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Figure 5. Microbial interaction networks of dominant taxa at the genus level (top 35) in the bulk soil in (a) 2016 and (b) 2017 for untreated (UT) soil and soils treated with biochar (BC), poultry litter (PL), and a combination of biochar and poultry litter (BC/PL). The size of the nodes shows taxa abundance, and the different colors indicate the corresponding taxonomic assignment at the phylum level. The edge color represents positive (green) and negative (pink) correlations. The edge thickness indicates the correlation values; only significant interactions are shown (r > 0.6; p < 0.01). (c) Taxa dominance (Top 10) in the microbial network per phylum.
Figure 5. Microbial interaction networks of dominant taxa at the genus level (top 35) in the bulk soil in (a) 2016 and (b) 2017 for untreated (UT) soil and soils treated with biochar (BC), poultry litter (PL), and a combination of biochar and poultry litter (BC/PL). The size of the nodes shows taxa abundance, and the different colors indicate the corresponding taxonomic assignment at the phylum level. The edge color represents positive (green) and negative (pink) correlations. The edge thickness indicates the correlation values; only significant interactions are shown (r > 0.6; p < 0.01). (c) Taxa dominance (Top 10) in the microbial network per phylum.
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Table 1. Selected chemical properties of biochar and poultry litter applied to the experimental plots.
Table 1. Selected chemical properties of biochar and poultry litter applied to the experimental plots.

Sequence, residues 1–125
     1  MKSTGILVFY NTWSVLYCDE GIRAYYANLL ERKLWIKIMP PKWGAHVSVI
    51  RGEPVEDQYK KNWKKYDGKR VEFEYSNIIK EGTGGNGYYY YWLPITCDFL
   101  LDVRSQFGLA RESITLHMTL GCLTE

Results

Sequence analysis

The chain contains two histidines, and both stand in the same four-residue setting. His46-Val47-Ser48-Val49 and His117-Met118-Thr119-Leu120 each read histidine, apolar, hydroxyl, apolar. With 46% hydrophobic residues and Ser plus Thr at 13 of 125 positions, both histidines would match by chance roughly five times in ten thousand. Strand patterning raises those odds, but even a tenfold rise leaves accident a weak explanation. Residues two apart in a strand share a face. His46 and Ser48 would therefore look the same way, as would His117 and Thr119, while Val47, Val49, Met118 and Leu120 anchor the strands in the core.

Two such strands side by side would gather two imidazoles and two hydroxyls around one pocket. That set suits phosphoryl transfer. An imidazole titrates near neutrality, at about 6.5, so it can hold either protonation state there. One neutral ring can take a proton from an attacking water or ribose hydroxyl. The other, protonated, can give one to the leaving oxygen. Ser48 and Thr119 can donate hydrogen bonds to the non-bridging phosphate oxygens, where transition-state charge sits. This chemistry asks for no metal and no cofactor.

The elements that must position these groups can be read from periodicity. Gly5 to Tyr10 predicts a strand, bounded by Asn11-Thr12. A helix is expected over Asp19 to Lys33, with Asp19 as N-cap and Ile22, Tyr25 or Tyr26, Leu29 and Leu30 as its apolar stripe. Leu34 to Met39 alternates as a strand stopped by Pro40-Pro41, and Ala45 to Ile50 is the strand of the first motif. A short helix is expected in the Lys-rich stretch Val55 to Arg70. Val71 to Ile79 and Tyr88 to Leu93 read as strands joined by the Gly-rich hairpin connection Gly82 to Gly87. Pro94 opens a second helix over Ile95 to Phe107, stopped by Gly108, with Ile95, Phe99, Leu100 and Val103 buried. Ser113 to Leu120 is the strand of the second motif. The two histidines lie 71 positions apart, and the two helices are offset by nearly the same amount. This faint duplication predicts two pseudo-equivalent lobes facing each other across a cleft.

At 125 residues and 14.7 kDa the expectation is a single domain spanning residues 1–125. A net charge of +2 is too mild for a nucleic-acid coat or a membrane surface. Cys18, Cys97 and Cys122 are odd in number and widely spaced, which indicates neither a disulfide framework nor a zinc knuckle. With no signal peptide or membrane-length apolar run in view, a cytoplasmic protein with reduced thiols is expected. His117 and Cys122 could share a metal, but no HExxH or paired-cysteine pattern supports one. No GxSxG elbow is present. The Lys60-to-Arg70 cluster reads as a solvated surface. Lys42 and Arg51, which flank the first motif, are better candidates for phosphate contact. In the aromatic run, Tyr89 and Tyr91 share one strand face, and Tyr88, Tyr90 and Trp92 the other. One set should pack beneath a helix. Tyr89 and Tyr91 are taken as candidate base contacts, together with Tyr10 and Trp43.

PropertyUnitsBiocharPoultry Litter
pH 8.97.34
ECdS m−10.813.5
Ash%15N/A *
Total C%69.127.2
Total N%0.283.86
Organic matter%N/A24.54
Camg kg−11084322
Cumg kg−1ND **101
Mgmg kg−1253977
Pmg kg−1381393
Kmg kg−1594905
Namg kg−1130814
Smg kg−1202922
Znmg kg−1ND641
* N/A = not applicable. ** ND = not detected.
Table 2. Sequence statistics: FastQC data from the sequences in 2016 and 2017.
Table 2. Sequence statistics: FastQC data from the sequences in 2016 and 2017.
Raw Data20162017
File typeConventional base callsConventional base calls
EncodingSanger/Illumina 1.9Sanger/Illumina 1.9
Total sequence6,193,760 for 16 samples5,470,755 for 16 samples
Sequence length236–250 (Read 1); 43–250 (Read 2)236–250 (Read 1); 44–250 (Read 2)
Sequence flag as poor quality00
Guanine/cytosine content (GC%)56–5754–55
Sequence range (total sequence per sample)309,916–478,815250,643–471,980
Table 3. Effects of soil treatments on the soybean growth and yield in 2016 and 2017.
Table 3. Effects of soil treatments on the soybean growth and yield in 2016 and 2017.
Treatment20162017
MeanStandard DeviationStandard ErrorMeanStandard DeviationStandard Error
(A) Plant growth (cm)
UT119.01 a7.043.52115.38 b2.701.35
BC119.25 a13.186.59113.67 b5.272.64
PL115.19 a17.408.70121.73 a1.910.95